dˆ

0 −→ ⊕1≤i<j≤n P0|n −→ ⊕ni=1 P1|n −→ P2|n −→ 0 ∂ ij ij ji The first map takes the set of n(n−1) z )(αki − αik )θi i.e. into constants α = −α into A (~ z ) k 2 ∂θk α θi θj = Ak (~ Pn P n −2 k=1 αik Ak (~z) = −2 j,k=1 αik Ajk zj , i.e. described by rectangular n(n−1) × n2 matrix. The second map takes 2 Pn the set of n linear functions j=1 β ij zj into the n(n+1) linear space of quadratic functions, Ak (~z) ∂θ∂k β ij zj θi = 2

β ij Ai (~z)zj = β ij Aki zj zk described by rectangular n2 × n(n+1) matrix. 2 For example, if n = 2 the two matrices are 1 × 4 and 4 × 3:

A1 1 0 Aa ) = − A12 , −A22 , A11 , A21 and Bja = A12 0

It is easy to check that

P4

a=1

Bja Aa = 0 (i.e. that dˆ2 = 0) and

A21 A11 A22 A12

0 A21 0 A22

ǫaa1 a2 a3 Bja11 Bja22 Bja33 ǫj1 j2 j3 = Aa R2|1 {A}

A11 A21 and totally antisymmetric tensors ǫa1 a2 a3 a4 and ǫj1 j2 j3 of ranks 3 and 4. A12 A22 m terms contributing: In general, for linear maps s1 = . . . = sn = 1 the number of non-trivial terms in Koszul complex is equal to m, Mn|0 n! Mn|1 n! Mn|k n! Mn|k+1 n! and complex is a collection of m rectangular matrices of sizes (n−m)! × (n−m+1)! , . . ., (n−m+k)! × (n−m+k+1)! , . . ., Mn|m−1 n × Mn|m . Still alternated combinations of minors provides the same quantity R2|1 {A} = det2×2 A. with R2|1 {A} = det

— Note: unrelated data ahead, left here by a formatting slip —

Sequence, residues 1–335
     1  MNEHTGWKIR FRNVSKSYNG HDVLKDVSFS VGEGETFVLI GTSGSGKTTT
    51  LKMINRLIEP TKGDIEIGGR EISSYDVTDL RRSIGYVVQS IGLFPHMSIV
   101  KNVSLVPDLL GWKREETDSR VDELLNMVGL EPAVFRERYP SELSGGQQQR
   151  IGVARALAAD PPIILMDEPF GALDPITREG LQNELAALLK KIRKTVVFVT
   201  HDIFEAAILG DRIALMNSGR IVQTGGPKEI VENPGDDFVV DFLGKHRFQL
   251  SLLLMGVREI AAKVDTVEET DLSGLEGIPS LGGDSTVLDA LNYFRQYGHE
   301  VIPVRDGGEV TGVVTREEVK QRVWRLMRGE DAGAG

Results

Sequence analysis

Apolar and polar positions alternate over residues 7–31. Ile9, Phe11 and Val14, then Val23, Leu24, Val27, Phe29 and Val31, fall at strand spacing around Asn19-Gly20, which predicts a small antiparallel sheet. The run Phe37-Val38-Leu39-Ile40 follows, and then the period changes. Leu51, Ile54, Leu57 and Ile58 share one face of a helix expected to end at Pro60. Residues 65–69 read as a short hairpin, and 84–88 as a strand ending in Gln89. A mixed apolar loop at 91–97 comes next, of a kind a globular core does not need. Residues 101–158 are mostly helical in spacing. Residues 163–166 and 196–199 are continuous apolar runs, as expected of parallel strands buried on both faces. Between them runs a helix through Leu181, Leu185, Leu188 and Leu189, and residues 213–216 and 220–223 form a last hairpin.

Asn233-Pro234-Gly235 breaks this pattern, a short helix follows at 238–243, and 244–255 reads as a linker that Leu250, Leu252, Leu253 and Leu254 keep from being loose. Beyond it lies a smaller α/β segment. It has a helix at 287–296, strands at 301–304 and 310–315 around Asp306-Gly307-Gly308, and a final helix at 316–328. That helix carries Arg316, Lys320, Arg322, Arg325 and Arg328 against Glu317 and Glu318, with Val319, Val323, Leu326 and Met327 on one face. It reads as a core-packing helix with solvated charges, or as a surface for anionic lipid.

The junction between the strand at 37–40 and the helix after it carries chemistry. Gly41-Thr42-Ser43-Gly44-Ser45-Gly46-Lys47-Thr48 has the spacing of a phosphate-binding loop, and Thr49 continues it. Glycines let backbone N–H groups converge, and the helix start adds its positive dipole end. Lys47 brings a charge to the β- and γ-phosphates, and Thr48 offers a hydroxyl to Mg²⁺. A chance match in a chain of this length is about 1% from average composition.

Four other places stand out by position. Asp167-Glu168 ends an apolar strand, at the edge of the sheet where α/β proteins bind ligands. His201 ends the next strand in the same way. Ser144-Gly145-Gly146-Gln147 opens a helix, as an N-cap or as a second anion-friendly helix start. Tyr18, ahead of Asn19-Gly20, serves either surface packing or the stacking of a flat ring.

5 We

are indebted to A.Gorodentsev for comments about this method.

29

3.3.3

A pair of polynomials (the case of n = 2)

Minimal option, only one term in the complexPis non-trivial: P s2 s1 gk z k , and the complex reduces to fk z k , g(z) = k=0 For n = 2 Ai (z) consists of two polynomials f (z) = k=0 the last term, dˆ

P2|p−s1 ⊕ P2|p−s2 −→ P2|p

if p is adjusted to make the matrix square: M2|p−s1 + M2|p−s2 = M2|p , i.e. (p − s1 + 1) + (p − s2 + 1) = p + 1 or p = s1 + s2 − 1. With this choice p − s1 = s2 − 1 < s2 and p − s2 = s1 − 1 < s1 , so that the preceding term in the complex would involve negative degrees and thus does not contribute. With this choice of p the map dˆ is: p−s X1

αi z i

i=0

s1 X k=0

s2 X p−s X2 βi z i gk z k fk z k + i=0

k=0

and in the basis {αk , βk } in the left space and {z 0 , . . . , z m } in the right 0 ... f0 f1 . . . fs1 0 f0 . . . fs1 −1 ... fs1 ... g0 g1 . . . gs1 +1 . . . gs1 ... 0 g0 . . . gs1 −1 gs1

space the matrix looks

(3.38)

and determinant of this (s1 + s2 ) × (s1 + s2 ) matrix (where s1 + s2 = M2|s1 +s2 −1 ) is exactly the resultant of f (z) and g(z), cited in 2.21. 3.3.4

A triple of polynomials (the case of n = 3)